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US consumer protection bureau goes after tech support scammers' alleged payments processor

Hit the organ-grinder, not just the monkey

US payments processing biz Brightspeed Solutions and its founder have been accused of handling $63m on behalf of tech support scammers who preyed on the elderly and less technically adept while posing as reps of Microsoft and Symantec.

The Illinois-incorporated LLC and chief operating officer Kevin Howard were accused by the US Consumer Financial Protection Bureau (CFPB) of processing payments “for over 100 merchant-clients who purported to provide virus software and technical support services, but actually scammed consumers into purchasing unnecessary and expensive computer software”.

“BrightSpeed processed remotely created check payments (RCCs) for entities that telemarketed antivirus software and technical support services to consumers,” alleged the US government agency in a court filing, adding: “Defendants’ Tech-Support Clients typically targeted consumers using pop-up advertisements, indicating that their computers were running slowly, infected by viruses, or were experiencing some other serious technical problem.”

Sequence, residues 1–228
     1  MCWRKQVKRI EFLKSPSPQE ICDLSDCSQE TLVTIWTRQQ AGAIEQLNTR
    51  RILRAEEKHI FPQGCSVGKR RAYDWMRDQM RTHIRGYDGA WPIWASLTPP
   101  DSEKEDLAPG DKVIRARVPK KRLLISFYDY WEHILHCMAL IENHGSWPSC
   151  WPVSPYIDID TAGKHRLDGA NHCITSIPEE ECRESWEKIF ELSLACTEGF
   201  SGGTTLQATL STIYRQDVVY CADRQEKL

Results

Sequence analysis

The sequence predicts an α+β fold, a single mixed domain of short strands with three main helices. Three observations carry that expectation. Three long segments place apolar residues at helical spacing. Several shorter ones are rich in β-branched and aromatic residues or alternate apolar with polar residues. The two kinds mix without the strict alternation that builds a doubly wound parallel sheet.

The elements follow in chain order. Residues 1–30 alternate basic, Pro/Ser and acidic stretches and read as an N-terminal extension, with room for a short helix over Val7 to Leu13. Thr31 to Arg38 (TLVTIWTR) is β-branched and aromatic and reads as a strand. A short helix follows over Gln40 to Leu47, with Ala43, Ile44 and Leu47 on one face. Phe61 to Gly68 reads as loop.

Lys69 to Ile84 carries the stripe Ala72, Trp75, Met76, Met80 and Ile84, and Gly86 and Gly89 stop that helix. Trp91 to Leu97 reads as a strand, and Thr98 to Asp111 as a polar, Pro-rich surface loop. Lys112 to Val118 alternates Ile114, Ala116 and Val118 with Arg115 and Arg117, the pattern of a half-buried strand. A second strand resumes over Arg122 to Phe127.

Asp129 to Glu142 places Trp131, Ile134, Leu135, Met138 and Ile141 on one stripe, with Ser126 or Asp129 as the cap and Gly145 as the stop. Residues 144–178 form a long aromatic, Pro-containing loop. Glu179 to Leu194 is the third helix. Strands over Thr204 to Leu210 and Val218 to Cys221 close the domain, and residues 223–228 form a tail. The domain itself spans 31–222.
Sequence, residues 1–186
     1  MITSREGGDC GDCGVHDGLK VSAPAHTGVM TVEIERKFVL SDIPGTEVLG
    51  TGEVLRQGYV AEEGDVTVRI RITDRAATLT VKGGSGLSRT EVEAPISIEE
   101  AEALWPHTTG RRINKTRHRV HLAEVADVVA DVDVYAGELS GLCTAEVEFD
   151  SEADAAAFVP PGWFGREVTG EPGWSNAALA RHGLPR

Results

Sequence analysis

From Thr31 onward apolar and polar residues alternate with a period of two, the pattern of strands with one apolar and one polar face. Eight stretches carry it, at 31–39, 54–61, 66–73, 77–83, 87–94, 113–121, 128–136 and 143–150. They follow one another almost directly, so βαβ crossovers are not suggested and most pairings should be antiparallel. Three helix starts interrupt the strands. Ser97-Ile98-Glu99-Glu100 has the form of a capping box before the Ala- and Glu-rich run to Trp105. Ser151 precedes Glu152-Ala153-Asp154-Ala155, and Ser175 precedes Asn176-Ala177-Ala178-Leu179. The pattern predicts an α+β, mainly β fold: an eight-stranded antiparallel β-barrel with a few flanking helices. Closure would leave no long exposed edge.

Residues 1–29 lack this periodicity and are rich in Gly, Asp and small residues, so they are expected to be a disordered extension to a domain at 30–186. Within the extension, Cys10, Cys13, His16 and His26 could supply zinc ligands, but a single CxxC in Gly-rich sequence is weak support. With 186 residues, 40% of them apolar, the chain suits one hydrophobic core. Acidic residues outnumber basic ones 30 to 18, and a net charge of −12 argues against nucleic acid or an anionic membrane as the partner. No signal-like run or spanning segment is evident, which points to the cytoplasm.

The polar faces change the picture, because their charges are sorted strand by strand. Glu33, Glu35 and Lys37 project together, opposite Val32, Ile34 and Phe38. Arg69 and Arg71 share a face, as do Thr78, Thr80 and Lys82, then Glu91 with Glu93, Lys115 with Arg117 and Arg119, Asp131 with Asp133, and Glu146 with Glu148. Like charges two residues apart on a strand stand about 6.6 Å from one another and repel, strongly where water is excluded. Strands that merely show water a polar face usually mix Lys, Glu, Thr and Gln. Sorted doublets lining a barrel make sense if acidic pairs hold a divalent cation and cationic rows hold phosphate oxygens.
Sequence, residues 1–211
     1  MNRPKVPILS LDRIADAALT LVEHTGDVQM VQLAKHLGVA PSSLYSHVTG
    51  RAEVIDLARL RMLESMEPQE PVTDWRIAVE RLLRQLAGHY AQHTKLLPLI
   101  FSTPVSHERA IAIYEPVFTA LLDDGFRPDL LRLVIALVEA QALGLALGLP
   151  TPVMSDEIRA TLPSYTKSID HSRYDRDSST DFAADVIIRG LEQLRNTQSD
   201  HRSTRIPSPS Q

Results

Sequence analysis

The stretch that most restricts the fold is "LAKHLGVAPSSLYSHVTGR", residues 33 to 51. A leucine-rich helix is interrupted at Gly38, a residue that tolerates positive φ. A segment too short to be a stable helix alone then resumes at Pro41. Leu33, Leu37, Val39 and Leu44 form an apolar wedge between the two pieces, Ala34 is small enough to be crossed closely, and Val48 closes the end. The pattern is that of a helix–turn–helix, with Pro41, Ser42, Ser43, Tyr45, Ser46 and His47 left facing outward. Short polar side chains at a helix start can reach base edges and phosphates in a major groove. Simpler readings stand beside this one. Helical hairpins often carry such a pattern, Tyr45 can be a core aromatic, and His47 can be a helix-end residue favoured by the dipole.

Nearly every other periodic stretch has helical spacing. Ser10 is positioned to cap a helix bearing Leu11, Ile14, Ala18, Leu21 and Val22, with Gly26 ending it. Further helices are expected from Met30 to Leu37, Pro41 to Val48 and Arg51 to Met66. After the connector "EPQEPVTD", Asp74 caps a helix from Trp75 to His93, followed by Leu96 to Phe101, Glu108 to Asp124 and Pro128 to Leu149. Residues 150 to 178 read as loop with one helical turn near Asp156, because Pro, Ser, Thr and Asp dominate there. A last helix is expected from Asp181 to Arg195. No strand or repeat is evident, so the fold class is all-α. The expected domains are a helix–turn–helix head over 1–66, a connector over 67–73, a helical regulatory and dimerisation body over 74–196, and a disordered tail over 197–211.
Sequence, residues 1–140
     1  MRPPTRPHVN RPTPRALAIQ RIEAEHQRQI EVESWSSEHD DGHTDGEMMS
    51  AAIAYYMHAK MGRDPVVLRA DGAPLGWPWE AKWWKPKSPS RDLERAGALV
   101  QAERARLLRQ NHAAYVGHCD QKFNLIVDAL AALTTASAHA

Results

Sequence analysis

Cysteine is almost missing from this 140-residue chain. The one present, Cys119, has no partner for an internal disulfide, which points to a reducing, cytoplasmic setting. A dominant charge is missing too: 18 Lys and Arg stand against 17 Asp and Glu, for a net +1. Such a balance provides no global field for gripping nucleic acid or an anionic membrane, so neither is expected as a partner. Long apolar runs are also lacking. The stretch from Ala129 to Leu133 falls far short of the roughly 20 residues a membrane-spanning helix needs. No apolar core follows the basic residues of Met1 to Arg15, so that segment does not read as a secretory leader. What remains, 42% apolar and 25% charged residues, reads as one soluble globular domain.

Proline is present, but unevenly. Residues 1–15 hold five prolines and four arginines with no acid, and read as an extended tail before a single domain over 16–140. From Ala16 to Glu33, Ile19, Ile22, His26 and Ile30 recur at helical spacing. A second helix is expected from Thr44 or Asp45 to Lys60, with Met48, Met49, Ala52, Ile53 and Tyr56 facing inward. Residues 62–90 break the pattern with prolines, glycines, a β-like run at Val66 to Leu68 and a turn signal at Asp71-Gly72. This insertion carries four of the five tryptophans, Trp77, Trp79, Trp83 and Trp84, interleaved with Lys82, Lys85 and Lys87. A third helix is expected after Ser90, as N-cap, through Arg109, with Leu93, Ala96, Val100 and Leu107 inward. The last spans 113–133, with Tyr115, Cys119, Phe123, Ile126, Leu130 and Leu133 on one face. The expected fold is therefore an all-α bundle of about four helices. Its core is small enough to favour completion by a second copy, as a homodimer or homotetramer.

Brightspeed’s customers, or so the CFPB said, were companies who openly pushed popups and telephone-based support scams at the elderly in particular. Victims were bamboozled into spending up to $2,000 a time on antivirus software “that was sometimes available to the public for free," said the agency.

Meanwhile the payments processor turned a blind eye and banked the scammers’ cash for them despite knowing full well what was going on, it went on to allege, with the CFPB's federal court complaint stating: “BrightSpeed and Howard did so despite being aware of nearly 1,000 consumer complaints, several inquiries from police departments around the country, and return rates averaging more than 20 per cent.”

The agency alleged Howard and Brightspeed broke the US Consumer Financial Protection Act, the Computer Fraud and Abuse Act and the Telemarketing Sales Rule by knowingly handling payments generated by fraudsters.

Tech support scams are familiar to pretty much everyone in the second decade of the 21st century, though there is a significant difference between how they’re dealt with in the US compared with the UK, with good old Blighty appearing to be a bit harsher.

Microsoft-themed support scams are as old as the Windows operating system itself. Back in 2018 Micros~1 said it had received 150,000 complaints about cold-calling con artists. A year prior to that, a tech support scam operation which appeared similar to how Brightspeed’s clients operated was shut down for good, with the husband-and-wife team running it banned for life from ever setting up another tech support business.

Not all tech support ads bypass Microsoft, however. A couple of years ago Redmond itself managed to inadvertently launch a wave of scareware ads off the back of third-party Windows Store apps using its own ad framework, causing ire and headaches all round. ®

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